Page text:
Carpe Diem. Seize the day. Make hay while the sun shines. This is the unofficial motto of Chicago families. From the first warm day of spring to the last glorious day of Indian summer, we practically live at our outdoor institutions. It is as if we are trying to pack a whole year's worth of visits into four months. But is that really necessary?
Why can't you take your kids to the zoo or the Botanic Garden or Millennium Park during winter? In fact, you can.
There is a particular charm to visiting a beloved outdoor spot in the cold weather months. Without the crowds and in the thin, gray February light, familiar outdoor landmarks-many of which have at least some indoor component-reveal a new side.
Emily Paster is an attorney and freelance writer who blogs at westoftheloop.com. She lives with her husband and two kids in River Forest.
Brookfield Zoo may seem like a warm-weather destination, but it is open 365 days a year. And winter is not a bad time to visit. Most of the zoo's animals live indoors, and while the walks from building to building can feel a little longer on freezing days, there are plenty of great spaces in which to warm up and learn about animals and conservation.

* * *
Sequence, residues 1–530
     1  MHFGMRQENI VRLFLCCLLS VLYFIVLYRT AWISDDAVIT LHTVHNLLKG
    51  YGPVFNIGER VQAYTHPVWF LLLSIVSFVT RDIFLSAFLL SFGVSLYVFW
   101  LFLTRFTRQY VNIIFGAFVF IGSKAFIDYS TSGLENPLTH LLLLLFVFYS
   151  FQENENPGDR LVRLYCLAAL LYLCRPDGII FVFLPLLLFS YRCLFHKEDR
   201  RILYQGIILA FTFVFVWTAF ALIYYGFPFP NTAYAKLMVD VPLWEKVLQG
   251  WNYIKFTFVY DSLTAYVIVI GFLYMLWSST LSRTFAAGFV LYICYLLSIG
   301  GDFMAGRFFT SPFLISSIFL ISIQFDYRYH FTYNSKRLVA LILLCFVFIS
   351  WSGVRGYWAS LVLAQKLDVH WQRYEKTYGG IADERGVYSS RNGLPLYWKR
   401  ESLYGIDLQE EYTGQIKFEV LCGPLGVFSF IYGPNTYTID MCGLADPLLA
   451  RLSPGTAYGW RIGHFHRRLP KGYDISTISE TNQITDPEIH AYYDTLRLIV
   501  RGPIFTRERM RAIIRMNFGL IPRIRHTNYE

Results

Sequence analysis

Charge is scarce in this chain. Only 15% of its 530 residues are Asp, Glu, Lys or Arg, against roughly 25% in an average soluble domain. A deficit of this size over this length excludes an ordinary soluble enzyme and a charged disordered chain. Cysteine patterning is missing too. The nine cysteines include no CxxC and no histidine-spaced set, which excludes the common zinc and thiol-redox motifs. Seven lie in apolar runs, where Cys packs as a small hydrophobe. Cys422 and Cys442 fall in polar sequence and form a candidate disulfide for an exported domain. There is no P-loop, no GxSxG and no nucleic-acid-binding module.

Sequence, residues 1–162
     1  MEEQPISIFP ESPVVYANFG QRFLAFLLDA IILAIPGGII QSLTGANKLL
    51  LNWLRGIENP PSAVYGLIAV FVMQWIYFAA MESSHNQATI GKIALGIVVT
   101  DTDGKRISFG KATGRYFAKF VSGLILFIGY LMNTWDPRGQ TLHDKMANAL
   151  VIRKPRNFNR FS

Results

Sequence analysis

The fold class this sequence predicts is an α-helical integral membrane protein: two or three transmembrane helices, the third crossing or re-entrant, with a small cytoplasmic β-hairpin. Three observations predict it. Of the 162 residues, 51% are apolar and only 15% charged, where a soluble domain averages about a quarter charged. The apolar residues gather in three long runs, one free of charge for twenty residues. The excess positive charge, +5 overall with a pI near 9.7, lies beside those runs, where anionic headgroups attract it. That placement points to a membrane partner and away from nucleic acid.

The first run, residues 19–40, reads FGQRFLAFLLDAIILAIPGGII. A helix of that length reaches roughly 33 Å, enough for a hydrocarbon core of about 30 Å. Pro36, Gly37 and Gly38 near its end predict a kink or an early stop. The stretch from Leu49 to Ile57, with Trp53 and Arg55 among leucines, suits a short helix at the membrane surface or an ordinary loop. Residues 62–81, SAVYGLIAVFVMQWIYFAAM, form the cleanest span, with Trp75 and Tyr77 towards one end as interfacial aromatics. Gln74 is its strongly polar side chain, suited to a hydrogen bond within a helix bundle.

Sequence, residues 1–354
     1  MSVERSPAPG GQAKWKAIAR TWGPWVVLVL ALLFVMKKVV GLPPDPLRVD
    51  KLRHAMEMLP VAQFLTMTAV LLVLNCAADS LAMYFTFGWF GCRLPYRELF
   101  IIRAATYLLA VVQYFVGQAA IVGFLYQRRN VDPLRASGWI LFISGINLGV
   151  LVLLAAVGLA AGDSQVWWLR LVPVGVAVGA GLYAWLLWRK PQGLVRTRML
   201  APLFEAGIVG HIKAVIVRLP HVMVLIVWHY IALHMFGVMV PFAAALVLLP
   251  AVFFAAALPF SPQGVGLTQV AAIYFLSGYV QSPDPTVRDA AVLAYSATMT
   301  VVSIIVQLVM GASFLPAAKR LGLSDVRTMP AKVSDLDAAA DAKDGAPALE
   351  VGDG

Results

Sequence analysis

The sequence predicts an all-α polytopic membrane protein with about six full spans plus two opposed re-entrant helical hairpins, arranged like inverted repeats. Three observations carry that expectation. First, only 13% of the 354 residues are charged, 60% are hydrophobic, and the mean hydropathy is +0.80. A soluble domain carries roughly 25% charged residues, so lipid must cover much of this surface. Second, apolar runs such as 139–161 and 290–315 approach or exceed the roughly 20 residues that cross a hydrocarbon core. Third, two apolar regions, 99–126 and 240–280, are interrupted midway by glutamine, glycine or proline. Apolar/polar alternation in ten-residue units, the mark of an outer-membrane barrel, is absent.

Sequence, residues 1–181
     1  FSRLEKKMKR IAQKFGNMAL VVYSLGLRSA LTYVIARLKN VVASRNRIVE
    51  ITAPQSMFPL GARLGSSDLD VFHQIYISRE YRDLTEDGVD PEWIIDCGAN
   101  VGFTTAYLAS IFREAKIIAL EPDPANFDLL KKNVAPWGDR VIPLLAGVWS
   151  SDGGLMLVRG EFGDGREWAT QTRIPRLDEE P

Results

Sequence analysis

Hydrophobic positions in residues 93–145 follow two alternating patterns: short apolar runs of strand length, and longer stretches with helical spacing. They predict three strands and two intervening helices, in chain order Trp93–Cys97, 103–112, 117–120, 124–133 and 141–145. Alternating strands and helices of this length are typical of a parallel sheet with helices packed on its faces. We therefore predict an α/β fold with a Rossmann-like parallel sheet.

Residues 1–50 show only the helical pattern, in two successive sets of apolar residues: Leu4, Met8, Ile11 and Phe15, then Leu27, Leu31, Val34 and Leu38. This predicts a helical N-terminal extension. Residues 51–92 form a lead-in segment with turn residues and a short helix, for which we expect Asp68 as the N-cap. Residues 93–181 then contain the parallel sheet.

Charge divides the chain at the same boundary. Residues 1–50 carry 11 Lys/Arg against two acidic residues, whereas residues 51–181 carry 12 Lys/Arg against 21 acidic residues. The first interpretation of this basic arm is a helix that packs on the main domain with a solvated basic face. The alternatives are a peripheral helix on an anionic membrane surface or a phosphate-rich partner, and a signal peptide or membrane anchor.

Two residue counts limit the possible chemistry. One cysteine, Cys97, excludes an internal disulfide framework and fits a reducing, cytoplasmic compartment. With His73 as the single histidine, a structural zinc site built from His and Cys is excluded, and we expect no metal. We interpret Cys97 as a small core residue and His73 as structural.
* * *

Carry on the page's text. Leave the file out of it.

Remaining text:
One of the largest buildings is Tropic World, which has three different tropical settings from South America, Asia and Africa. While a range of primates, including gorillas, is the star attraction, the habitats are large and feature many other tropical animals. Right next door is the Swamp, which has two alligators, some active turtles and a frisky river otter that children love to watch. The Hamill Family Play Zoo, which offers do-it-yourself face painting and other activities to give children a hands-on experience, is nearby as well.
While these three enclosures in the south central part of the zoo are favorites, the west side also has a lot of great indoor spots, including Habitat Africa! The Savannah, where the giraffes spend the winter, and The Living Coast with its underwater exhibits and penguins. Near the north entrance are the pachyderms and Australia House (which you should only visit if you are comfortable around free-flying bats), and in the northeast are the small but worthwhile Fragile Desert and Fragile Rain Forest exhibits, both home to many unusual animals.
If your kids are familiar with Brookfield Zoo, you may want to warn them in advance that the carousel is closed in winter. But not having to fight the summer crowds or search for a parking spot is a plus. Admission and parking are pricey, so if you think that you will visit the Brookfield Zoo more than once in the coming year, invest in a membership.